To support the industry and accelerate e-AWB adoption, the IATA has launched eAWB360. The eAWB360 initiative is a call to action campaign that aims to expedite the adoption of e-AWB globally. eAWB360 kicked off in Europe in February at airports where the regulatory and operational environment is favorable for e-AWB. In March, the second phase of the eAWB360 campaign started in North America. A total of nine airports in North America have signed up for the second step: 

e-AWB 360 in North America including Miami

At these airports, e-AWB is the preferred method for all customers and destinations, as enabled by the single process and standard operating procedures.

 

Electronic AWB Miami

Miami International Airport is an important hub for the air cargo industry in North America. The IATA ranks Miami airport no. 20 out of 50 priority airports in terms of e-AWB volume over the past 12 months. There are 12 airlines at Miami (MIA) airport that have adopted e-AWB:

Airlines at Miami Airport that have Adopted e-AWB

 

Delta (73.1 percent), Cathay Pacific (71.4 percent) and Qatar Airways (56.5 percent) are the top three in terms of e-AWB penetration. As of April 2016, Miami airport has the lowest e-AWB penetration (25 percent) among the six e-AWB airports in the United States. For stakeholders who are not yet ready for e-AWB, the eAWB360 campaign in Miami is a great opportunity to learn about the process and connect with solutions providers.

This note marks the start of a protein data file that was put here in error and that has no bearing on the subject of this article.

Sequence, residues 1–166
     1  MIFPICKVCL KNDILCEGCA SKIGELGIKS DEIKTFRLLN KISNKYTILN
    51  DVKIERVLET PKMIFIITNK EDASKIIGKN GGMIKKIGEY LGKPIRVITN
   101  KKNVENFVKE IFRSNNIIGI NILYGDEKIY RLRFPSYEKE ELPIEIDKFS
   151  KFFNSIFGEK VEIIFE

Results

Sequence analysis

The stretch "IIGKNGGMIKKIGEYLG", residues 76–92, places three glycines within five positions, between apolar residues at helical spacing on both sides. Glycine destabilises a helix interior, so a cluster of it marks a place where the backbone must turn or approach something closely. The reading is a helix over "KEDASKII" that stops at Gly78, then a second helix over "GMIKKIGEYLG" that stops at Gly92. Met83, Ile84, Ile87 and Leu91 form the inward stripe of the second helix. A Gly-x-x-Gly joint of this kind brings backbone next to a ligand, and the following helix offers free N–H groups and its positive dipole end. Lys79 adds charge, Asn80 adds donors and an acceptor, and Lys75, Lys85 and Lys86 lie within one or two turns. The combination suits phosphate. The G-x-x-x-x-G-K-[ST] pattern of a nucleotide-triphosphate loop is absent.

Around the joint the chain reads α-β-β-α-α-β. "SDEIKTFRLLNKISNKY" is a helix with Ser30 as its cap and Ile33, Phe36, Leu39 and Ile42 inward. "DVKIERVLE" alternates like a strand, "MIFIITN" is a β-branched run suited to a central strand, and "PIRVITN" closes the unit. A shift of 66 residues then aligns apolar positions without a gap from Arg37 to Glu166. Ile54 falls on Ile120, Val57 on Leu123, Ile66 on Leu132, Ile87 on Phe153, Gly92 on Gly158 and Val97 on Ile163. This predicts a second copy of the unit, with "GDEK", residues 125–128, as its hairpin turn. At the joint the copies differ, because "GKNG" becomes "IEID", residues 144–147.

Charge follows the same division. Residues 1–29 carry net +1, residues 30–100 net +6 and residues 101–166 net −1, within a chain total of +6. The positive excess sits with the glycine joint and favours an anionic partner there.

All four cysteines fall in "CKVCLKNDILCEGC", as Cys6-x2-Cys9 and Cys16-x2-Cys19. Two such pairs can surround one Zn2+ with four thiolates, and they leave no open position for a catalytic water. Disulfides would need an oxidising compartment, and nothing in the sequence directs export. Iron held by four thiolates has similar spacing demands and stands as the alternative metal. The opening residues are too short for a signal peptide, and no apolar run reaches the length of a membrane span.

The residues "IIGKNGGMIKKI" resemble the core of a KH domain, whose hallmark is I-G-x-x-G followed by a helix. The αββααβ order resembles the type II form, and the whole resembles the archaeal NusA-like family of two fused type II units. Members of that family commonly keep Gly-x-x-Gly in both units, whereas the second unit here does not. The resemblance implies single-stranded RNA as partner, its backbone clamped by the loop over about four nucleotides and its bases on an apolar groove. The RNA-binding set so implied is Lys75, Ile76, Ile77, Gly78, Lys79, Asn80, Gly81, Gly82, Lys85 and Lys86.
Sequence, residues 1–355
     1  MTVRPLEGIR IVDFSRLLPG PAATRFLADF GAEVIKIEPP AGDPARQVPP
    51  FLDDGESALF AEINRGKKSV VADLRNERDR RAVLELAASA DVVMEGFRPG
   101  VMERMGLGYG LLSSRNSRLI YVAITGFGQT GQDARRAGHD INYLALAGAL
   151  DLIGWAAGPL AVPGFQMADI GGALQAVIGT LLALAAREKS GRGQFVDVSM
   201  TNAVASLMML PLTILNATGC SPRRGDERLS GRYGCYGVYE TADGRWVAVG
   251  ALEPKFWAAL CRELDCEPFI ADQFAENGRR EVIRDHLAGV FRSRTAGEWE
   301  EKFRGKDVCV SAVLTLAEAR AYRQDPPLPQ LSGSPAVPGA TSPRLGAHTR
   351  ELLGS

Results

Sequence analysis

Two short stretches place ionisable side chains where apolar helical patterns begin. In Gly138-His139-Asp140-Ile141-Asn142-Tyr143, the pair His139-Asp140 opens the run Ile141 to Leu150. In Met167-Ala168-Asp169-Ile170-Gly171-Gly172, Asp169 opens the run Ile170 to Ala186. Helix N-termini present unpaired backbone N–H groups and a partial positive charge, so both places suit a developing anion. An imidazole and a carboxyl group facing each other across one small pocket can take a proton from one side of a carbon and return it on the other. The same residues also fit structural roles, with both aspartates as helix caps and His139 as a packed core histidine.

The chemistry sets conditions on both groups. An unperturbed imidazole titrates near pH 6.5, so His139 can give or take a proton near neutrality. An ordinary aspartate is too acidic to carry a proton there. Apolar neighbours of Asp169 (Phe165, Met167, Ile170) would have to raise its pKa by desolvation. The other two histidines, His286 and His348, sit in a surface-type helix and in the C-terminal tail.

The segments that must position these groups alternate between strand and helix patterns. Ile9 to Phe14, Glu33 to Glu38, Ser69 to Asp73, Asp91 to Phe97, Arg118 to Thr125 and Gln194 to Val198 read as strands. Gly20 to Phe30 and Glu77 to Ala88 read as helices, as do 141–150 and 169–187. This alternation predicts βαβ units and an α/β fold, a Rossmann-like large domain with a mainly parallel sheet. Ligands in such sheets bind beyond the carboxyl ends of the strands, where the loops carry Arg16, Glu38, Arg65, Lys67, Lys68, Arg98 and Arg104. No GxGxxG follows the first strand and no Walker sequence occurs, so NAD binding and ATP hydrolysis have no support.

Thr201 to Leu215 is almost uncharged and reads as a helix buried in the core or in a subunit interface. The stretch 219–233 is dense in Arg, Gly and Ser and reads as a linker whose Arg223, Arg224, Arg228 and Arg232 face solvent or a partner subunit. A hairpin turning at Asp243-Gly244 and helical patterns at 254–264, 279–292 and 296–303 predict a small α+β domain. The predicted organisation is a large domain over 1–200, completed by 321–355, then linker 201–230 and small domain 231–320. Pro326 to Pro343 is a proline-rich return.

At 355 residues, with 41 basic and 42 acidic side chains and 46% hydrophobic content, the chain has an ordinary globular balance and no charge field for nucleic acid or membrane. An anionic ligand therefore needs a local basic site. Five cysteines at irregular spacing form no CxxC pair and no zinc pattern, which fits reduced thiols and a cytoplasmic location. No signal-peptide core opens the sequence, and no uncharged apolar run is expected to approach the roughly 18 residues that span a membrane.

eAWB360 Launch Session in Miami (MIA)

The Go Live date for Miami is August 1, 2016, and the eAWB360 workshop was held last August 2. These workshops bring together key representatives from CNS (the U.S. offshoot of IATA), airlines, ground handling agents, freight forwarders, IT solutions providers, sponsors and other participants to discuss e-AWB readiness and share information. Like previous e-AWB launch sessions, keynote speakers and technology providers will be present during the workshop.

Event: eAWB360 Launch Session

Date: August 2, 2016

Venue: Miami Airport Cargo Area – Building 708, Suite 218, Miami, FL

 

CrimsonLogic's Global eTrade Services (GeTS) eAWB Service

CrimsonLogic's Global eTrade Services (GeTS) has been helping the air cargo industry with e-freight implementation for many years. CrimsonLogic GeTS’ services include best-in-class e-AWB solutions for freight forwarders, cargo agents and airlines. CrimsonLogic GeTS’ e-AWB service can help stakeholders at Miami Airport speed up e-AWB implementation. Featuring direct connectivity to over 90 airlines from a web portal, automatic status notifications, templates, report generation, anytime data access, and 24/7 customer support, the e-AWB service makes it quick and easy to transmit e-AWB messages. Simply register with CrimsonLogic GeTS, sign the multilateral e-AWB agreement, check your stations’ approval, and go live.

If you have questions or want to learn more about e-Air Waybill, send us a message on our Contact Us form.